NYCLU, Urban Jobs Task Force and Syracuse Community Marches for Justice for 1-81


Saturday August 14, 2021: march at 10:30am

Syracuse advocates and community residents will gather for rally and march to demand racial, economic and environmental justice for the communities living near the I-81 viaduct:

  1. Environmental justice: Give us clean air
    • NYSDOT must move the traffic circle an additional 500 feet away from STEAM at Dr. King Elementary at minimum. The current traffic pattern is less than XXX feet away from the elementary school, in violation of CDC guidelines.
  2. Racial justice: Return the land
    • NYSDOT has not yet committed in writing to creating a community land trust to return the land under the viaduct from the Black residents from whom it was taken during I-81’s construction
  3. Economic justice: Give us jobs
    • NYSDOT has not yet committed to hiring local workers for this multi-year multi-billion dollar construction project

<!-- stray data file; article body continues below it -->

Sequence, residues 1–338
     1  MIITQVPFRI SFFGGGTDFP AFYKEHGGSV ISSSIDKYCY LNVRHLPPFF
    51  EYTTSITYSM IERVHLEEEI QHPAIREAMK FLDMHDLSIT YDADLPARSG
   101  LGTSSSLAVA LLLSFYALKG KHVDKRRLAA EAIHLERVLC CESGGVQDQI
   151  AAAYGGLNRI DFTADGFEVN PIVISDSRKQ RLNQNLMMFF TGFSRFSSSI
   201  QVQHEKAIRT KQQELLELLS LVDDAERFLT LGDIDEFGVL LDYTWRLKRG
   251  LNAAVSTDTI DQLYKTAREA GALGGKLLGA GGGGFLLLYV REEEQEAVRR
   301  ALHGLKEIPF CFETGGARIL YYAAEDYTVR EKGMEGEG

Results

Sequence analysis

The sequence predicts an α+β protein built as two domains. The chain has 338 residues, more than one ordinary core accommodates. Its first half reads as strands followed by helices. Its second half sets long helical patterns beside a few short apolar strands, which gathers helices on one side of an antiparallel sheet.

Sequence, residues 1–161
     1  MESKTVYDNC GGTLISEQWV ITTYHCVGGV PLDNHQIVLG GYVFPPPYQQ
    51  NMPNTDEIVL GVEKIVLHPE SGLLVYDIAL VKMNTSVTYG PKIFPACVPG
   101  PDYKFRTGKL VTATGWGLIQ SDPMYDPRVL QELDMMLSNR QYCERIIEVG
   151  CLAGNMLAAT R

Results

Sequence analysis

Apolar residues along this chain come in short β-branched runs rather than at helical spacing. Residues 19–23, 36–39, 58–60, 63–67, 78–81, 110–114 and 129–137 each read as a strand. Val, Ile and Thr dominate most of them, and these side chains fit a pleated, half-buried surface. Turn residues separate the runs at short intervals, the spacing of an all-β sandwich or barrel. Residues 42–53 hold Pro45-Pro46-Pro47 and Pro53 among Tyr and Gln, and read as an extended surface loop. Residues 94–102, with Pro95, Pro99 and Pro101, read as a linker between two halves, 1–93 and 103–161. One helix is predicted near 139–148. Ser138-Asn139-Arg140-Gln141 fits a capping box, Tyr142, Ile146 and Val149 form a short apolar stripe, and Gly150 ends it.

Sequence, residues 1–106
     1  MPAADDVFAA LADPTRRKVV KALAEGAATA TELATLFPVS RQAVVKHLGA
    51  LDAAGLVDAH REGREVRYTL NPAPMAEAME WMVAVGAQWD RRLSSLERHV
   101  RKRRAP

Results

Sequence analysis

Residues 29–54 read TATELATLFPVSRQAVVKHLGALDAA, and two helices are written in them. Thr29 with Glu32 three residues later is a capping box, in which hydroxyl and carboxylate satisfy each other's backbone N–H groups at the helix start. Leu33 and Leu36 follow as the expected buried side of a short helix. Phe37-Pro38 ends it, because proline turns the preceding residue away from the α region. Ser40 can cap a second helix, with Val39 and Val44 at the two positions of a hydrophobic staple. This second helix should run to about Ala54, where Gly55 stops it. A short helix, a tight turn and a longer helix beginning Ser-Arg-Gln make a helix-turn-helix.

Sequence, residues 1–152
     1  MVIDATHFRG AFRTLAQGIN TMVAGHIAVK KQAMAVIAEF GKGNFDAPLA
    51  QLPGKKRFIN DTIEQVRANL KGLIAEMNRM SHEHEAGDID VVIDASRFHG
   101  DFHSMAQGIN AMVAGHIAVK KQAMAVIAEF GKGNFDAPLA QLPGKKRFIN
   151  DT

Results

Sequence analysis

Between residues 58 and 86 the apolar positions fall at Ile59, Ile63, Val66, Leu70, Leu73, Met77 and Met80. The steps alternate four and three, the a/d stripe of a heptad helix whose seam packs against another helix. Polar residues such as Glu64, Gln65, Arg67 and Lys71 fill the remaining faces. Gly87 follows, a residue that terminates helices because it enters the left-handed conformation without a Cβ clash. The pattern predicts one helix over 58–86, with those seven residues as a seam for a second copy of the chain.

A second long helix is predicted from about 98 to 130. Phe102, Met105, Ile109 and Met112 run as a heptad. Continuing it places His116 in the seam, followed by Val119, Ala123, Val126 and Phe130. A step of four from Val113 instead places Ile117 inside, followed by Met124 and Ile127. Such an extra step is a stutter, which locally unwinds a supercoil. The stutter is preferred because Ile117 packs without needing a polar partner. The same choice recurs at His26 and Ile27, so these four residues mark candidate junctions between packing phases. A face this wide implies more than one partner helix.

March from STEAM at Dr. King Elementary to a press conference at the NYS Office Building:

  • 10:30am ET: march at STEAM at Dr. King Elementary (416 East Raynor Avenue, Syracuse)
  • 12pm ET: press conference at the New York State Office Building (333 East Washington Street, Syracuse)

Advocates, elected officials, and directly-impacted Syracuse residents:

  • New York State Senator Rachel May
  • New York Civil Liberties Union Project Counsel Lanessa L. Chaplin
  • Urban Jobs Task Force President Deka Dancil
  • New York Civil Liberties Union Organizer David Rufus
  • Syracuse resident Ryedell Davis
  • Syracuse resident Charles Pierce El
  • Syracuse resident Gerald Funderberg

In December 2020, the NYCLU released Building a Better Future: The Structural Racism Built into I-81, and How to Tear it Down which analyzes NYSDOT’s plans from a racial, economic and environmental justice lens. The report calls on NYSDOT to take a reparative and restorative approach to rebuilding the I-81 viaduct area, and remedy the displacement and destruction of the 15th Ward, where as many as 90% of Syracuse’s Black residents lived in the 1960s.